Tip #4: Check your wipers and wiper fluid levels Working windshield wipers and a solid supply of wiper fluid will ensure that you have visibility in the worst of snowstorms. Wiper blades only last a year. If you don’t remember the last time you replaced them, it likely is time for them to be replace. Depending on how bad your winters are, you may want to equip your vehicle(s) with winter specialized wipers. Lastly, make sure your car(s) have wiper fluid with a low freezing point and maybe even a de-icing agent.

Tip #3: Change your oil and find the proper viscosity – For this tip it’s best to talk to your service advisor.  He/She can be your best source of information.   The cold weather negatively effects oil’s effectiveness. The cold climates will make your oil thicker, reducing engine circulation. This can be avoided by purchasing oil that is thinner than normal, most vehicles provide a winter oil viscosity (thickness) in the owner’s manual – along with other proper oil viscosity for the changing seasons.

Tip #2: Have your battery checked. The only accurate way to detect a weak battery is with professional equipment. However, most motorists can perform routine care. If battery caps are removable, check fluid level monthly. A word of caution: Removal of cables can cause damage or loss of data/codes on some newer vehicles, so always check your owner’s manual first. A great suggestion would be to have a professional inspect the battery.  This would avoid any danger, or car issues, that can come from inspecting a battery.

Tips #1:  Consider getting snow tires. Yes, you read that right…Snow Tires.  (Especially, if where you live is below 45 degrees all winter.)  Snow tires are made of a softer rubber than all-season tires which allows them to retain flexibility, even in the coldest of cold. Tread patterns on these tires also allow for exceptional grip in the snow and ice. However, snow tires aren’t an instant-fix. They won’t remove the chance of slipping and sliding in your car, but they do provide more traction than standard tires.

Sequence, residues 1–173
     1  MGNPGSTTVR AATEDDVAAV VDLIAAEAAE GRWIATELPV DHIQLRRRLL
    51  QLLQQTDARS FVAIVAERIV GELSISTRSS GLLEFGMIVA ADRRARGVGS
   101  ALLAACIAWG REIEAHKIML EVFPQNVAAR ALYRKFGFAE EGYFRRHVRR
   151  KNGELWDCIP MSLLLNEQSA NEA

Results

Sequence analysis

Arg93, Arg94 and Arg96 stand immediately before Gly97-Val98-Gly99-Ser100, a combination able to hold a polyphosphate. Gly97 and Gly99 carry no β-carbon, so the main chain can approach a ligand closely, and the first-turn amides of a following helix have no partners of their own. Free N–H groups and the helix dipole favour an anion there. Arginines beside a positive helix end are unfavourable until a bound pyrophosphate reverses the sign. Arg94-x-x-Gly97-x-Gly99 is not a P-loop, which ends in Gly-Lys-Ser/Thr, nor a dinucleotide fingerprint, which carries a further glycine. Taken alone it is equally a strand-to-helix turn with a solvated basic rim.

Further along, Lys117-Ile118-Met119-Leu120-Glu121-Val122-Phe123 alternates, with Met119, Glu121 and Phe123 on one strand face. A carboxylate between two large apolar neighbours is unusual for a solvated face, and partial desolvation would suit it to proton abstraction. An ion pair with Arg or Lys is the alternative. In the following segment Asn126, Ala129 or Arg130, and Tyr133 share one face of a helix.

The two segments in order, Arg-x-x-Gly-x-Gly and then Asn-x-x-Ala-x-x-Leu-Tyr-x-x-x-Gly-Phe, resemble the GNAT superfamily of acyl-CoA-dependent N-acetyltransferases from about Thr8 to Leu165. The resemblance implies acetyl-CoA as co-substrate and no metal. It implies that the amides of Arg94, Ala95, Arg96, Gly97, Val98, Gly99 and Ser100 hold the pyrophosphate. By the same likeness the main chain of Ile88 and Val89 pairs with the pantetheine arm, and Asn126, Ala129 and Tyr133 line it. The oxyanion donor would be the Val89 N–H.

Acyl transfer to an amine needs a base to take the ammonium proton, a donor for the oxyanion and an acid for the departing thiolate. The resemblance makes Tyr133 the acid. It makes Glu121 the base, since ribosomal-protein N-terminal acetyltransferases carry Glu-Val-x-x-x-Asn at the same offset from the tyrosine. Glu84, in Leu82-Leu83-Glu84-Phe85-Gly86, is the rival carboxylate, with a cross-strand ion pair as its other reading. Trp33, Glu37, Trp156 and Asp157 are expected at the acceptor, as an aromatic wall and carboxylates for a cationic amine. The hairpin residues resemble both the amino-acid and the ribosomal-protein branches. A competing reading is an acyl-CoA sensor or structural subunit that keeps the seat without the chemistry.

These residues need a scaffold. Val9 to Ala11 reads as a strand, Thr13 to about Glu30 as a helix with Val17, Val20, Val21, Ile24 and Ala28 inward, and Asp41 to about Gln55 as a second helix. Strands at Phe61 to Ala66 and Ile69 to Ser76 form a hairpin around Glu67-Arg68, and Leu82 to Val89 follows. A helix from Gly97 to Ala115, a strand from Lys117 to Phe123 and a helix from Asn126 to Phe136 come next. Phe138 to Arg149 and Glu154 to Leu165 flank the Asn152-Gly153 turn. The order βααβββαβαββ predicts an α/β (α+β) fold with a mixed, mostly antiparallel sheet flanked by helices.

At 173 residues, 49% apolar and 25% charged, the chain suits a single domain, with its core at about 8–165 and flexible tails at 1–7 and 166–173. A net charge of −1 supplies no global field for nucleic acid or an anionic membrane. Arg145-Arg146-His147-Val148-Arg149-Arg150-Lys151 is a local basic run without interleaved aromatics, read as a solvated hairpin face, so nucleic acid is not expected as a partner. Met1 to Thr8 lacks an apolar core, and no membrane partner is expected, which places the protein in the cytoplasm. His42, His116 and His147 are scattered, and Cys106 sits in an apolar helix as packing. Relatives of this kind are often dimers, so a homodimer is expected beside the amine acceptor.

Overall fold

Now that we have some car care tips covered, let’s talk about what you should have in your car in case you become stranded or stuck in the snow.  There are a few key items that you should round up and put in a box or basket in your trunk. Hopefully, you will never need them but if you do, they are there.  If you regularly travel with more people than yourself please make sure you pack accordingly.

Essential items to include in a winter survival kit, according to a combination of recommendations by Wisconsin Emergency Management’s Ready Wisconsin initiative and survival expert Peter Kummerfeldt’s OutdoorSafe website, include:

  • Bottled water (at least four quarts)
  • Snack foods, particularly nutritious energy bars
  • Raisins, dried fruit, nuts, candy bars
  • Strike-anywhere, waterproof matches and small candles
  • A flashlight with extra batteries
  • First-aid kit
  • Folding knife and multi-tool
  • Emergency flares
  • An extra winter coat, mittens and a wool cap
  • Winter boots
  • Toilet paper
  • Cellphone and charger
  • A space blanket
  • A spare blanket or sleeping bag (again pack accordingly to the number of people normally in your vehicle.)
  • A portable radio with spare batteries
  • Tow rope
  • Nylon cord
  • Flagging tape
  • Chemical hand and body warmer packets